Petitioner also argued to the DHCR that the overcharge dispute had been settled by stipulation in 2011. DHCR rejected this argument as well, noting that petitioner had not provided a copy of the stipulation and that Ms. Rodriguez stated she was unaware of such an arrangement.
The current Article 78 proceeding reiterates the challenges made to the DHCR during its review and appeal process. In opposition, DHCR points out the deferential standard of review that courts must apply. It asserts that its rulings were rational. It notes that treble damages are mandatory unless a landlord proves by a preponderance of evidence that the overcharge was not willful, and it states petitioner did not satisfy its evidentiary burden. In reply, petitioner adheres to its challenges. Among other things, it also attaches the first page of a letter from March 2015 to DHCR. The letter, from petitioner, states that it had resolved all overcharge claims prior to June 9, 2011 through a settlement pursuant to which it refunded the overcharge. In support, petitioner included a single page of a purported settlement agreement, which cuts off at the bottom of the page and does not include the signatures of either petitioner or Ms. Rodriguez, and which refers not to a 2008 rent freeze order but to petitioner's eviction proceeding against Ms. Rodriguez. The submitted page of the stipulation does not refer to any refunds by petitioner to Ms. Rodriguez but instead provides that Ms. Rodriguez would pay petitioner the back rent which she owed and that petitioner would make necessary repairs to the apartment. Petitioner states that, at the least, this matter should be remanded to DHCR for further consideration in light of the stipulation.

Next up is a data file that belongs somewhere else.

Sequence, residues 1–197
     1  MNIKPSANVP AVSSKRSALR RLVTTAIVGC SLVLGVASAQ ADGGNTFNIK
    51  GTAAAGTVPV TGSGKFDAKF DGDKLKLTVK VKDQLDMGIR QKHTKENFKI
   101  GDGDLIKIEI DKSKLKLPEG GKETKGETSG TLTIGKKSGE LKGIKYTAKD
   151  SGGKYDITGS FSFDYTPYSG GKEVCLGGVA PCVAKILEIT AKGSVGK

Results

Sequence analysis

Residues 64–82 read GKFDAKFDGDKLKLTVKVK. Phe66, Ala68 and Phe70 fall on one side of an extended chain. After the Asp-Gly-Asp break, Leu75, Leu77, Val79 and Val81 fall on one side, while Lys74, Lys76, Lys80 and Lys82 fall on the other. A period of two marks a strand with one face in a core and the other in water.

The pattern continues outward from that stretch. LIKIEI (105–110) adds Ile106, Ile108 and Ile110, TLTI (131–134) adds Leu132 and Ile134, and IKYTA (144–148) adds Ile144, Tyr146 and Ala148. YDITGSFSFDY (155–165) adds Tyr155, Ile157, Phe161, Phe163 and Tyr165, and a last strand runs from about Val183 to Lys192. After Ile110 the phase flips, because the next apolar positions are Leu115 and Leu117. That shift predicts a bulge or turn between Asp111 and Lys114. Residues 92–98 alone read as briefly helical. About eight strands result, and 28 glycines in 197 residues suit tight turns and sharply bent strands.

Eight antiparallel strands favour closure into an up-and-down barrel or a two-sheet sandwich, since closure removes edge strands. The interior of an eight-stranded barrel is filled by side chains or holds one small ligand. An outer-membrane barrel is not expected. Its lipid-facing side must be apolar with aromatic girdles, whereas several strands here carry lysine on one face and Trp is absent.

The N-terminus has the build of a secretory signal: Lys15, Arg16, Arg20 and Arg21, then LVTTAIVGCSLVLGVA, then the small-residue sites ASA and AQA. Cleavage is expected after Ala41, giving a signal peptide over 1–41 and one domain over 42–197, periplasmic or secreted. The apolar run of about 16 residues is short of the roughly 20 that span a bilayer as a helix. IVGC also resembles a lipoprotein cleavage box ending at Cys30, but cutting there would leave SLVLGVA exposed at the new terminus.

“The appropriate, well-established standard of judicial review of an administrative determination is whether the determination was arbitrary and capricious or without a rational basis in the administrative record” (Tockwotten Assoc., LLC v. New York State Div. of Housing and Community Renewal, 7 AD3d 453, 454 [1st Dept 2004] ). If the determination was rational, the court cannot overturn the decision (id.; see Two Lincoln Square Assoc. v. New York State Div. of Housing and Community Renewal, 191 AD2d 281, 281 [1st Dept 1993] ). With respect to treble damages, courts determine whether it was rational to conclude that a landlord “failed to establish, by a preponderance of the evidence, that the ․ rent overcharges were not willful” (In re 426 3rd Ave. Realty Co. v. New York State Div. of Housing and Community Renewal, 29 AD3d 332, 333 [1st Dept 2006] ). This same standard of reasonableness applies to DHCR's interpretation of “the statutes and regulations it administers” (Matter of Cipolla v. New York State Div. of Housing and Community Renewal, 153 AD3d 920, 922 [2nd Dept 2017]; see Terrace Court, LLC v. New York State Div. of Housing and Community Renewal, 18 NY3d 446, 454  ).